It was a performance for a time of austerity, devoid of the kind of ambition that will always be hoped for from those of a nation whose psyche, where the national team is concerned, will always be skewed by the act of having given football to the rest of the world. By the end, the English whistles that issued around the stadium, urging the referee to blow his own, acknowledged the truth that this was a game of artists versus artisans. And yet for all that, this is a result to be deeply grateful for.
The artist in the English ranks was in the dug-out, and the target for England has always been to keep hopes alive for the moment that Wayne Rooney is back. For that reason, a draw against France is a very fine result.
In part, there is old-fashioned industry to thank for that. Steven Gerrard, above all others, and Scott Parker played a substantial part in shutting off, in the second half, the lustrous football that had made Laurent Blanc's players seem like an irresistible force in the first. If there was a motif for the game's latter stages then it was James Milner, socks around his ankles, chasing up and down his right flank, sticking to that zonal style of play Roy Hodgson has drilled into him.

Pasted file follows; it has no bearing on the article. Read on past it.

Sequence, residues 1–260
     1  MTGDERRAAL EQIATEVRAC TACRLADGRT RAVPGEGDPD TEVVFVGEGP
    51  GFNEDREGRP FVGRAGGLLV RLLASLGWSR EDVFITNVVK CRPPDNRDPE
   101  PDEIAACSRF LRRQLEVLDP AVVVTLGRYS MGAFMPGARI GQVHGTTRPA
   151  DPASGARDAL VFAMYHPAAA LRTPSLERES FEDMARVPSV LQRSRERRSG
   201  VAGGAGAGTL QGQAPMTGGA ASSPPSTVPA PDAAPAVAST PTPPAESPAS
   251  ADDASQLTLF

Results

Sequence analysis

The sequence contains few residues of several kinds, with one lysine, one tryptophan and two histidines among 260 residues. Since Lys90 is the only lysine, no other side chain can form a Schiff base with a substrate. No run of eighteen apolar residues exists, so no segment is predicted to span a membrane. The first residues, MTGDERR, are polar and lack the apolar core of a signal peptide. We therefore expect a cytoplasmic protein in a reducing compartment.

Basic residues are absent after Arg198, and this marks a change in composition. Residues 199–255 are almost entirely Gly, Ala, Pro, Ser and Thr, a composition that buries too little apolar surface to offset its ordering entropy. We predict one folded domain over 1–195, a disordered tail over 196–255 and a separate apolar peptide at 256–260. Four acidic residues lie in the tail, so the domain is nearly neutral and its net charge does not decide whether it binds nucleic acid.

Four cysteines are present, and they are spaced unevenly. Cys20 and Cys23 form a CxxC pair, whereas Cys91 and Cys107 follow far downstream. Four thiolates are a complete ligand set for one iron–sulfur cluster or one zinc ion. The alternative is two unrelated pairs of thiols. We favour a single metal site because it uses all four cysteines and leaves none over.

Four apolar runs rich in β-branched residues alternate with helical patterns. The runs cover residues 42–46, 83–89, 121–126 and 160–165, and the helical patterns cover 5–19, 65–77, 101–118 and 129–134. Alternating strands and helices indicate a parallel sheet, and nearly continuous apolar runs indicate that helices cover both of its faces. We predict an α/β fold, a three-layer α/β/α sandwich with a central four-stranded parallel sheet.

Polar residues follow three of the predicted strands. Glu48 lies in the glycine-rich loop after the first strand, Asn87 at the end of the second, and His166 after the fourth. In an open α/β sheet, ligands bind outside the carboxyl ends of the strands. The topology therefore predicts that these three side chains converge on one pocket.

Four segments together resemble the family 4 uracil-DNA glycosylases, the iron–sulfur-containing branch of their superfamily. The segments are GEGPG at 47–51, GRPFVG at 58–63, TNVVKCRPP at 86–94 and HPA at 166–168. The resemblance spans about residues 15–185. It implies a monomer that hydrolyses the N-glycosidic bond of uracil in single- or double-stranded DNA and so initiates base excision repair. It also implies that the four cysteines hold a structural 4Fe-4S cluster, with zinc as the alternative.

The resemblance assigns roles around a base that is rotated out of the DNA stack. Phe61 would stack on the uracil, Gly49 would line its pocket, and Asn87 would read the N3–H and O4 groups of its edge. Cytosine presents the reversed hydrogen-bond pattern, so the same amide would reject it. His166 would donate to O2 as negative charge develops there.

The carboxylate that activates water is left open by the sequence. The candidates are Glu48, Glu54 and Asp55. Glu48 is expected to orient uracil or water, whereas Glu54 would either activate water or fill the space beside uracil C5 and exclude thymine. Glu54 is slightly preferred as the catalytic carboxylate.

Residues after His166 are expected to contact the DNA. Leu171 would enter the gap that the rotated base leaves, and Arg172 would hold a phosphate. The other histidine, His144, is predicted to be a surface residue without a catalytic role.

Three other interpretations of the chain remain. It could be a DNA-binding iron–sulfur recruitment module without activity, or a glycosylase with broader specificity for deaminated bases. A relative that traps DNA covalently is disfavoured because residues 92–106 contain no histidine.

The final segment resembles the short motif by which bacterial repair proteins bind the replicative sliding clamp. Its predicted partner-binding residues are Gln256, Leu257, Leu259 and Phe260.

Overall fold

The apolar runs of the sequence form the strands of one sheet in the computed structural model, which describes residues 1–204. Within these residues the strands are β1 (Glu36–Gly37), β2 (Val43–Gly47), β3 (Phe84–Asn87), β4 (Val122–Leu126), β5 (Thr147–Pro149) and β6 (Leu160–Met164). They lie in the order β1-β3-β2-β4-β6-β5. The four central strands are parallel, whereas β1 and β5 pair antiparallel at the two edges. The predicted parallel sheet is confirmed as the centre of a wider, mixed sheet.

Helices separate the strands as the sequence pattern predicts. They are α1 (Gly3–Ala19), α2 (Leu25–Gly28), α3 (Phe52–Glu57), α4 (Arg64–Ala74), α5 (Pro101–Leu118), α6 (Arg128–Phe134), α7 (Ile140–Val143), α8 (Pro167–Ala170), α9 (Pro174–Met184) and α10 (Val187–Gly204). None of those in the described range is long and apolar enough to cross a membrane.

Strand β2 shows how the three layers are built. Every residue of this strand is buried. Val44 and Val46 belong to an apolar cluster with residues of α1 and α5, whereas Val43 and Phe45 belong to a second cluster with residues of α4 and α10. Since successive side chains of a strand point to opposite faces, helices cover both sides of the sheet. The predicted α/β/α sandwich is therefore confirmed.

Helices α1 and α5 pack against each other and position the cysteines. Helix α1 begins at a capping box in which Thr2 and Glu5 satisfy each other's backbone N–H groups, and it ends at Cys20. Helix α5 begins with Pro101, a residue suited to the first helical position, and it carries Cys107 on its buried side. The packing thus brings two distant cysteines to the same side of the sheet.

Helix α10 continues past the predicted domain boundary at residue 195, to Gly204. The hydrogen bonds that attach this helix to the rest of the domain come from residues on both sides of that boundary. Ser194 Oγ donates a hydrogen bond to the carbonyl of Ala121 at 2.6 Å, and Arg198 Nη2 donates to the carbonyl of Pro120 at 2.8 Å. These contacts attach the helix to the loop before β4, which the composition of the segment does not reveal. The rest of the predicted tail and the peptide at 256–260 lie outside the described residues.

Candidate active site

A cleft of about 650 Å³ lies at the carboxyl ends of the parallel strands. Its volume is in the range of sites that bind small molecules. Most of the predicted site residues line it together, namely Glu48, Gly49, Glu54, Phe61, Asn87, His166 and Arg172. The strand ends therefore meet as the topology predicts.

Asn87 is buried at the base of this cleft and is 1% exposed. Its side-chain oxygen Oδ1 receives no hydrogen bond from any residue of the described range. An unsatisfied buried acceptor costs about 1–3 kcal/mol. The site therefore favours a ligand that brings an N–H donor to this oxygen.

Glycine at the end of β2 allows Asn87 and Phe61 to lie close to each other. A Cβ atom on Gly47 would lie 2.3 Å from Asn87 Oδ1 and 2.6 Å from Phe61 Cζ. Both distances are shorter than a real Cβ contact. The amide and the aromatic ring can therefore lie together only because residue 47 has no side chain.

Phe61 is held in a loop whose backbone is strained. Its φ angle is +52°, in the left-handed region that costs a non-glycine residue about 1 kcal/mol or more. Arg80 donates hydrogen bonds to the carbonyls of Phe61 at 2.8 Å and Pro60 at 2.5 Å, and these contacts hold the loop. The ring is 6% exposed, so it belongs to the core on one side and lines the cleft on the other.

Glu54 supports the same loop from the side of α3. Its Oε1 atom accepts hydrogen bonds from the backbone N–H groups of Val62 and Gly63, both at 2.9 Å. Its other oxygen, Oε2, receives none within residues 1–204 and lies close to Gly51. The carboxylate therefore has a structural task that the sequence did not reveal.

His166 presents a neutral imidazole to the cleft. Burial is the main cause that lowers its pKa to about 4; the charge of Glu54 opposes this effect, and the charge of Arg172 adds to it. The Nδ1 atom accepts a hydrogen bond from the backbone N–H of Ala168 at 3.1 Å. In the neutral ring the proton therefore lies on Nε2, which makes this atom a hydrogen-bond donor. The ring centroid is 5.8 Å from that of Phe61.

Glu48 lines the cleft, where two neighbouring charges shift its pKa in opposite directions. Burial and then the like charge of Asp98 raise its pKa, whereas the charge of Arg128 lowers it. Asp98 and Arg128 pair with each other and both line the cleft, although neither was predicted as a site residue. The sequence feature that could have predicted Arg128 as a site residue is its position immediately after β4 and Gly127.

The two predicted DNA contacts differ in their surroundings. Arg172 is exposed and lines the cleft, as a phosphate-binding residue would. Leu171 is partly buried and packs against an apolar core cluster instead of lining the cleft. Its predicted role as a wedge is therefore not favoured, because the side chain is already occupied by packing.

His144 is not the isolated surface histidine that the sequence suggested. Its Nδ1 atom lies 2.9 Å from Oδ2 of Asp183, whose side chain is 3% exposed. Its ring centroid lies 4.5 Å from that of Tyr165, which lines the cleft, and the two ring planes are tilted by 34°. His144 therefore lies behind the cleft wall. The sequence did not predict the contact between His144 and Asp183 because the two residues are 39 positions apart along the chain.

They had their share of luck, too, which has not always been theirs in tournament football. And they had John Terry. After his very poor performance against Germany during the World Cup two years ago – playing on his unnatural side then, as last night – this was a very big test and he passed it well.
England created the first clear-cut opportunity when Ashley Young was allowed to fasten on to Parker's pass, advance into space and bisect the centre-backs. Milner, racing on to his pass, took a heavy first touch and when he reached it, the angle allowed him only to find the side netting.
After Patrice Evra's clumsy foul on Milner, Gerrard raked in a free-kick from the right touchline as if the place were Anfield and with the French central defenders mesmerised by Danny Welbeck, Joleon Lescott leapt in to head England into the lead.
However, the lead was erased inside eight minutes when the disciplines that Hodgson has been ingraining in his players finally failed them. Samir Nasri, just inside the left side of the area, found a fraction of space. With Joe Hart perhaps unsighted by Gerrard as he leapt in to block, and Parker patrolling behind him, the ball crept in at the goalkeeper's near post.